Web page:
IS IT MAIL ART?
In his article called Art in the Age of Digital Reproduction: Hockney's iPad Paintings in the Atlantic Alex Hoyt compares Hockney's emailed drawings (above) to Ray Johnson's mail art sendings.
After reading Hoyt's article and watching videos of David Hockney talking about the letters he sends from the iPad I reflected on my research and experience in mail art. The first point that comes to mind is that David Hockney is a very famous art figure in his lifetime. In contrast, Ray Johnson was called “New York’s most famous unknown artist".
A trip to Artpool's Ray Johnson pages reveals an array of his unknown artworks. http://www.artpool.hu/Ray/raymap.html
In addition to famous contrasting with unknown artist, another dissimilarity is the narrow distribution of Hockney's mailed drawings compared to Johnson's. Hockney has a list of about 30 people he sends the drawings too. The digital drawings are sent to delight his personal friends. Hockney mentions that he gives very few people his address so no interaction is expected. Johnson sent to hundreds and thousands of people he knew and people he didn't know. For example, Johnson sent 116 invitations to submit work to the 1970 New York Correspondance School show at the Whitney Museum. In his daily practice Johnson mailed starter layers upon which he invited people to intervene, respond, or add and pass. This resulted in layers of art that moved around the world under no control of Johnson's. In addition, Johnson put his return address on the outgoing mail even though he knew it would be sent beyond his immediate addressee. Ray Johnson used the mail as a social postal performance creating a global community of interconnected artists.
Some of the best writing on Ray Johnson is by his friend Bill Wilson who characterized Johnson's New York Correspondance School as "an art of witty resemblances; it originates with Ray Johnson, but any number can play."
Where does mail art begin and end these days? Art exchange is prevalent on the Internet through distribution and adaptation of creative works both legal and illegal.
David Hockney is a major artist and I admire his adoption of new communication tools for art making. Ray Johnson is a historical figure whose work predated social media by decades. Johnson's long-lived Mail Art networks should be studied as the amazing global phenomenon that thrives years after his death. In fact some of his projects are still being intervened upon. After reflection on these contrasting mailings by two artists I deeply admire, I don't think Hoyt's given a convincing comparison of Hockney's intimate and narrow use of email to Johnson's global use of the postal system and the vitality of Johnson's ongoing mail art network.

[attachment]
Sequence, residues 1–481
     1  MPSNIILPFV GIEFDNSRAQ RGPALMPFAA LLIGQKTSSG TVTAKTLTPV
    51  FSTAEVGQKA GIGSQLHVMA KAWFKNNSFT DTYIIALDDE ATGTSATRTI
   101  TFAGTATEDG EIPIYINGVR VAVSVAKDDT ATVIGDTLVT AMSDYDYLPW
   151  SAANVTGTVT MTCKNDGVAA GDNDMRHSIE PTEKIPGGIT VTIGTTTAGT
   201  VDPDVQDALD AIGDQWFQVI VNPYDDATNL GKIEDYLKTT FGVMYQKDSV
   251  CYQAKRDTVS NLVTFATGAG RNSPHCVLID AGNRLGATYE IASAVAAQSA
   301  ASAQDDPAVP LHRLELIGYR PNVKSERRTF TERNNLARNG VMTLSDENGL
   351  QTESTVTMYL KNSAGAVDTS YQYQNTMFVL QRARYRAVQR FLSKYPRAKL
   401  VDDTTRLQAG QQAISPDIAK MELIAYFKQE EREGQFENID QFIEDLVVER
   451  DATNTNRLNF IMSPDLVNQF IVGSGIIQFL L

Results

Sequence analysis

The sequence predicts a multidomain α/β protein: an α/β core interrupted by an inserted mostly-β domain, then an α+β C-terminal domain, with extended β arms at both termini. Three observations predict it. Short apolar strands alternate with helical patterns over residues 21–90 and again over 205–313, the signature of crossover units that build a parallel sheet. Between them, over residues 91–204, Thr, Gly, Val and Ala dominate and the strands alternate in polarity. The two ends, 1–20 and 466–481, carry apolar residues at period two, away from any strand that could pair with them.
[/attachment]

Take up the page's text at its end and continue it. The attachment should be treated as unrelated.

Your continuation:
I look forward to hearing from other mail artists...
Quote from Hoyt's Article:
The commercial art world seems to think the jury's still out aboutHockney's iPad period, according to Charlie Scheips, the show's curator.
Some have dismissed it as his latest dalliance. Yet for Scheips, the
opinions of the art world miss the point of a show about the creative
use of a new, intimate medium.
"Fresh Flowers" began with Hockney creating an image and zipping it off to a dozen friends. Though thepaintings look like fluorescent Matisses, in spirit they're descended
from Mail Art, the absurdist movement pioneered by Ray Johnson and his
New York School of Correspondence in the 1960s. That band of artsy
pranksters made works out of anything -- rubber stamps, postmarks,
signatures, photocopies -- as long as it fit on a postcard they could
send to the world.
Their philosophy rebelled against the haughty hierarchy of galleries, but in 1970 Ray Johnson organized an exhibition at The Whitney.Hockney's current exhibition presents a similar paradox: this
everyman's app art, which inherently can't be auctioned off, is on
display in the former studio of Yves St. Laurent, the home of Haute
Couture and the height of exclusivity.
While his digital exhibition challenges the norms of commercial art, Hockney still has tomake money. There are no originals to sell for ungodly sums. You could
print the images, but on regular paper, without their luminous screen,
they look wan and watery. The best option for selling them, Scheips
suggests, might be an app catalogue, which would let us browse Hockney's
entire iOeuvre. That way, each new image would come to us--with no
gallery or curator required -- as the latest course in a moveable feast.
"Bryan Appleyard Interviews David Hockney 1 and 2 ." Video. YouTube. Bryan Appleyard. 2011. Web. 27 Sep 2011. <http://youtu.be/s2W_YrnCvK0>. <http://youtu.be/WSj1uLCaiZQ>.
Hoyt, Alex. "Art in the Age of Digital Reproduction: Hockney's iPad Paintings." Atlantic.
10 Dec 2010: n. page. Web. 27 Sep. 2011.
"Me Draw on iPad." Graphic. Exhibitions / Past exhibitions / David Hockney: Me Draw On iPad. David Hockney. Humlebæk: Louisiana Museum of Modern Art, 2011. Web. 27 Sep 2011. <http://www.louisiana.dk/uk/Menu/Exhibitions/Past+exhibitions/David+Hockney%3a+Me+Draw+On+iPad>.
Revich, Allen. "Ray Johnson - Educator." Digital Salon. (2004): n. page. Web. 1 Oct. 2011. <http://www.digitalsalon.com/ray_johnson.html>.
Wilson, William. "NY Correspondance School." www.warholstars.org. (2004): n. page. Web. 1 Oct. 2011. <http://www.warholstars.org/warhol/warhol1/andy/warhol/articles/wilson/ray/johnson.html>.